Re: Beauty of Old Norse (was Re: New to the list)
|From:||Oskar Gudlaugsson <hr_oskar@...>|
|Date:||Monday, June 19, 2000, 17:30|
John Cowan wrote:
> > Nordic orthographic conventions differ considerably from the
> > Romance, which have characterized English orthography (pre-Norman
> > orthography did have some influence on Nordic scribes, c.f. introduction
> > the English characters ' 'ç ¨'thorn' and 'eth') into Old Norse -
>Really? After all, England and the North shared the Runic script in
>from which tently derived (as is shown by its tree-based name if nothing
>else). But you are saying that the Northern use of Latin letter* was
>derived directly from English practice?
AFAIK, yes. This is what I've learnt from my Icelandic language history here
in Iceland. It's not common knowledge here in Iceland though; people would
refuse to believe that such letters that we pride ourselves in were foreign.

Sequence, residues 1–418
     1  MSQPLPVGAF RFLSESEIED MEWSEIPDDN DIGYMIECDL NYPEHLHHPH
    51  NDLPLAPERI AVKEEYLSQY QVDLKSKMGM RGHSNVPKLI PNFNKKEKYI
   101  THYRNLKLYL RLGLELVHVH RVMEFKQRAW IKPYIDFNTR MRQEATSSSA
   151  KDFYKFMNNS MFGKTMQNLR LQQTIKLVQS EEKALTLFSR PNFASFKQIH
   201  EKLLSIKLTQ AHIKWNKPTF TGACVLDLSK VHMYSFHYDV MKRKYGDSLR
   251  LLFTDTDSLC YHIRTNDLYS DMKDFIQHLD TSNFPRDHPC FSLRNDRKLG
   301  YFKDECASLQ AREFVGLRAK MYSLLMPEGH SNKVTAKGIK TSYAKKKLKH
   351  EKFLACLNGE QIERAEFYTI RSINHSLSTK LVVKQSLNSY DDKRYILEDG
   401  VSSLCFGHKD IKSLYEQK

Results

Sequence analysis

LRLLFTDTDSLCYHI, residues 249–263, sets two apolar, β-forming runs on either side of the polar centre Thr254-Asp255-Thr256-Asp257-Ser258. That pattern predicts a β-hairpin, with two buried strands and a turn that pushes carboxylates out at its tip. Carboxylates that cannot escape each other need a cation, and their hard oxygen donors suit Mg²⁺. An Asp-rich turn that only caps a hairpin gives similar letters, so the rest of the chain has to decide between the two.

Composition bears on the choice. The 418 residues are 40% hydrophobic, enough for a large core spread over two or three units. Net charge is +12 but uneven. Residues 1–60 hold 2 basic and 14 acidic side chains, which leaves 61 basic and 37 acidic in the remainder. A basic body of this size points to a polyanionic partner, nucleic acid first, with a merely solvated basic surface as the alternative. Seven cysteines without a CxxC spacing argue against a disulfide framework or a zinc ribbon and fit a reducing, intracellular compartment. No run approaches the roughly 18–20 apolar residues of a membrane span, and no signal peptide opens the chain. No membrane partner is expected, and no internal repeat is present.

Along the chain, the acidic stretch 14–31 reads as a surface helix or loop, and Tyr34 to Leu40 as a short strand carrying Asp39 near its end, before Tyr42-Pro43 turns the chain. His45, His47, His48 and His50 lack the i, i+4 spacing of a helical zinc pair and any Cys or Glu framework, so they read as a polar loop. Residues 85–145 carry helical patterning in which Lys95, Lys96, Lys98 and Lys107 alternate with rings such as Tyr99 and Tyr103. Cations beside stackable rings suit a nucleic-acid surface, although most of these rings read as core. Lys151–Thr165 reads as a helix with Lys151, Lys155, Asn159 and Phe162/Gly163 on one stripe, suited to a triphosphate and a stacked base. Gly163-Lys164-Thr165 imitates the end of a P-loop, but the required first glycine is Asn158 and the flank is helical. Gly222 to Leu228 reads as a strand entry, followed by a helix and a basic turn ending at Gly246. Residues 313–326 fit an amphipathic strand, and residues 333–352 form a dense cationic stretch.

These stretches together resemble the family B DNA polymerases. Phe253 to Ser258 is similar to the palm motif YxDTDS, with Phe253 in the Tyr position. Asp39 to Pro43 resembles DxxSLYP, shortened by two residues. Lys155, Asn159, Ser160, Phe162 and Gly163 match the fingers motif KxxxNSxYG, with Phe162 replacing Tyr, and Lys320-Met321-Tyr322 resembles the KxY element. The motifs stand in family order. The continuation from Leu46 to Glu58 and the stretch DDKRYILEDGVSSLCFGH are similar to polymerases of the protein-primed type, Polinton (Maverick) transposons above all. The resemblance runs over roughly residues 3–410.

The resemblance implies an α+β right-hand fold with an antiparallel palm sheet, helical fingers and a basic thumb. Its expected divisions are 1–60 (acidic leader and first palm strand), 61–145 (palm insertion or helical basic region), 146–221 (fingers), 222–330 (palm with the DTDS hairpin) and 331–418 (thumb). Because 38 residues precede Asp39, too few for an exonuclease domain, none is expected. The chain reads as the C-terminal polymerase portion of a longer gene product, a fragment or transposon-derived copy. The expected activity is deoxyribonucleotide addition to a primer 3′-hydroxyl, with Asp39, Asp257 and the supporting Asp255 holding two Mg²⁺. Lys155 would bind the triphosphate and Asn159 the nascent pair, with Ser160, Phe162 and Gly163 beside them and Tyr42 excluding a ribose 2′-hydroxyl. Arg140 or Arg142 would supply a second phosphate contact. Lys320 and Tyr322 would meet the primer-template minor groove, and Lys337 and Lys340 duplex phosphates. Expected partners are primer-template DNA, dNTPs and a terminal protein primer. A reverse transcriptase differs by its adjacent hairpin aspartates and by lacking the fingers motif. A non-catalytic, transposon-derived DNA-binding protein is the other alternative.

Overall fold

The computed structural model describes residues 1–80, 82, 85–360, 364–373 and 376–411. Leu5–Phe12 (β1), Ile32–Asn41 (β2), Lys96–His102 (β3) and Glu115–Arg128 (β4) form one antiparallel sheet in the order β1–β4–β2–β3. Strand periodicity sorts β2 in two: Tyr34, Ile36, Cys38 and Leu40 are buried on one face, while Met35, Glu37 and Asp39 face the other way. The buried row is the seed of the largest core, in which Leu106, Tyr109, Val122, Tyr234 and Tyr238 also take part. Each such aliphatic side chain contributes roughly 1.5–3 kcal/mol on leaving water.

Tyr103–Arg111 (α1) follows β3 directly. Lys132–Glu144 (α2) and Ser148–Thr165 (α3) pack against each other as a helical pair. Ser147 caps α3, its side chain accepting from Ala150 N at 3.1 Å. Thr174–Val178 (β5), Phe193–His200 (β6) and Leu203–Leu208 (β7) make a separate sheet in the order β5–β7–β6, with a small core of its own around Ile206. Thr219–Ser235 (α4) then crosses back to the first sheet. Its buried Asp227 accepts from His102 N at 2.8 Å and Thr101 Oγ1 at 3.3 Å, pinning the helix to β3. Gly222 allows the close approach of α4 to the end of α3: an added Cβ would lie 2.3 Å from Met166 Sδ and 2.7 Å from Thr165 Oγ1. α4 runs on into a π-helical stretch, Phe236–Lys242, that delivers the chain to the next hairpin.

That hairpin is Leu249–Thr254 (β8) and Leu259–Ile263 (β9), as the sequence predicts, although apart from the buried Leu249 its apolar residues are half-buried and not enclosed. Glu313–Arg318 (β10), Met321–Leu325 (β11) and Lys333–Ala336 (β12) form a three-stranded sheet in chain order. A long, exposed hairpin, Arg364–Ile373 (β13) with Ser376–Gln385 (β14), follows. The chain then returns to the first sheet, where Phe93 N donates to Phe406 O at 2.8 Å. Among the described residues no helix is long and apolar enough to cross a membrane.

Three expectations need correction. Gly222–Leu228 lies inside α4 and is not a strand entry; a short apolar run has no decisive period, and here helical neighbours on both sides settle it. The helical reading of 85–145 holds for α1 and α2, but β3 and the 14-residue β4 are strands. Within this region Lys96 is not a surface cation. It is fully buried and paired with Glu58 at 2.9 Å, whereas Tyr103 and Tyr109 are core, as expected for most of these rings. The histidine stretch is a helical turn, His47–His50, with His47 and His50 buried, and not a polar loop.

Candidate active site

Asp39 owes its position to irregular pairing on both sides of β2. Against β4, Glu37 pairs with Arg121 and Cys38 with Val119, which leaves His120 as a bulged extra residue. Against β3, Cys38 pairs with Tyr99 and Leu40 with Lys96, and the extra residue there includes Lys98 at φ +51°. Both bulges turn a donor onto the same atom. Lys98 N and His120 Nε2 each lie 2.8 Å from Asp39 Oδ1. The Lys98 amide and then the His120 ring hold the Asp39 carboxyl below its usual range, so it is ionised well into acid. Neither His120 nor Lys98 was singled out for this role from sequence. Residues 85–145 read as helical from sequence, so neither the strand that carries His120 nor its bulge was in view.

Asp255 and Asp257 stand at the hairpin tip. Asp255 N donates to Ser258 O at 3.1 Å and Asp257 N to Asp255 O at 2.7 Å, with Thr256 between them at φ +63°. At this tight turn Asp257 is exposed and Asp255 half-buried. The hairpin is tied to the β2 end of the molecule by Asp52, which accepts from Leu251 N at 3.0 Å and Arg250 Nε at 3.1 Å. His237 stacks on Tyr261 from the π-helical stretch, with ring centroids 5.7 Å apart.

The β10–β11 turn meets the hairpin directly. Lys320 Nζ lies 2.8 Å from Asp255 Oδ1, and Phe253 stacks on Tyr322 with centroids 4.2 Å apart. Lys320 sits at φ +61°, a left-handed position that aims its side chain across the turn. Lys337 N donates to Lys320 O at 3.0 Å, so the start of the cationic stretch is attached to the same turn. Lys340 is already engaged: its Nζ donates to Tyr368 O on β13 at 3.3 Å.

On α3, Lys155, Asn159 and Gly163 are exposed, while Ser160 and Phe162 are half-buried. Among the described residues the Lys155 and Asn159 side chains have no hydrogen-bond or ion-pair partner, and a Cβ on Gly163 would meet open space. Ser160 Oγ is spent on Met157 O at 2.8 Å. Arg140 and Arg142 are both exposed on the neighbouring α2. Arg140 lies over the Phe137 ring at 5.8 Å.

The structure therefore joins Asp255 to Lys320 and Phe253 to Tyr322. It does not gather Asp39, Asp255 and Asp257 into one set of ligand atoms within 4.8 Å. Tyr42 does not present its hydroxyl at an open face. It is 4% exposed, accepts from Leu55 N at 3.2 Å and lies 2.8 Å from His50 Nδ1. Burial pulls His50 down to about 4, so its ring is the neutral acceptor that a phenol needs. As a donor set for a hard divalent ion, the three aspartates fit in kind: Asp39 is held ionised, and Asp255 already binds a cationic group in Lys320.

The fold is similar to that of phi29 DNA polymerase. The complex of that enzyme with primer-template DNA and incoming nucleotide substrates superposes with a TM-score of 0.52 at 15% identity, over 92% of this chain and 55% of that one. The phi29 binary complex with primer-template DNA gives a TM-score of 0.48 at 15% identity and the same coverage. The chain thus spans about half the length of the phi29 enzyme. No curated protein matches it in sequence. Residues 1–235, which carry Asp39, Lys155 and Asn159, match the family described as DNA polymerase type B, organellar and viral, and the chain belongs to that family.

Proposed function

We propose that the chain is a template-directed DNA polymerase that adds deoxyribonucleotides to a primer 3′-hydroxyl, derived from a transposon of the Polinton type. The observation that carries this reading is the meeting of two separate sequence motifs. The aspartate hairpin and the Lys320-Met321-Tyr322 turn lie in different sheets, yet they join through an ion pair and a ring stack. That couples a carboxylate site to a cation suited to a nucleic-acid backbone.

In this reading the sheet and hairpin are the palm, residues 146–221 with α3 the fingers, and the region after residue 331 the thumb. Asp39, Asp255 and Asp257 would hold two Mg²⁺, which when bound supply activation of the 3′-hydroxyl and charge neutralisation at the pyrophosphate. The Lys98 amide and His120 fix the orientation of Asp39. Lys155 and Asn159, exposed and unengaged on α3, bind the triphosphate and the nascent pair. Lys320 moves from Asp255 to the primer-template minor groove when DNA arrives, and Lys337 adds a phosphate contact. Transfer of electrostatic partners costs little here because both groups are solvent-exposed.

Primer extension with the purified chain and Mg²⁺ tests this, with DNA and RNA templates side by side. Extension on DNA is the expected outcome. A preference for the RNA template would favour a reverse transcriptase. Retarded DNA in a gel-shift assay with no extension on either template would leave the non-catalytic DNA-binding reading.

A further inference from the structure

And in England, well, how many people have ever _seen_ 'thorn' and/or 'eth'?
An Irish woman once asked me how to pronounce 'thorn' (which she, and most
others, confused with 'p'). When I tried to equate it with English 'th', as
in, for example, the word 'thorn', and subsequently told her this was an
English letter, she became utterly confused. I tried to write something like
"Ã¾is is Ã¾e man", but she didn't understand what I was talking about.
Anyway, take a look at any book about OE or ME, and you'll find plenty of
texts using the 'thorn', and somewhat fewer with 'eth'.
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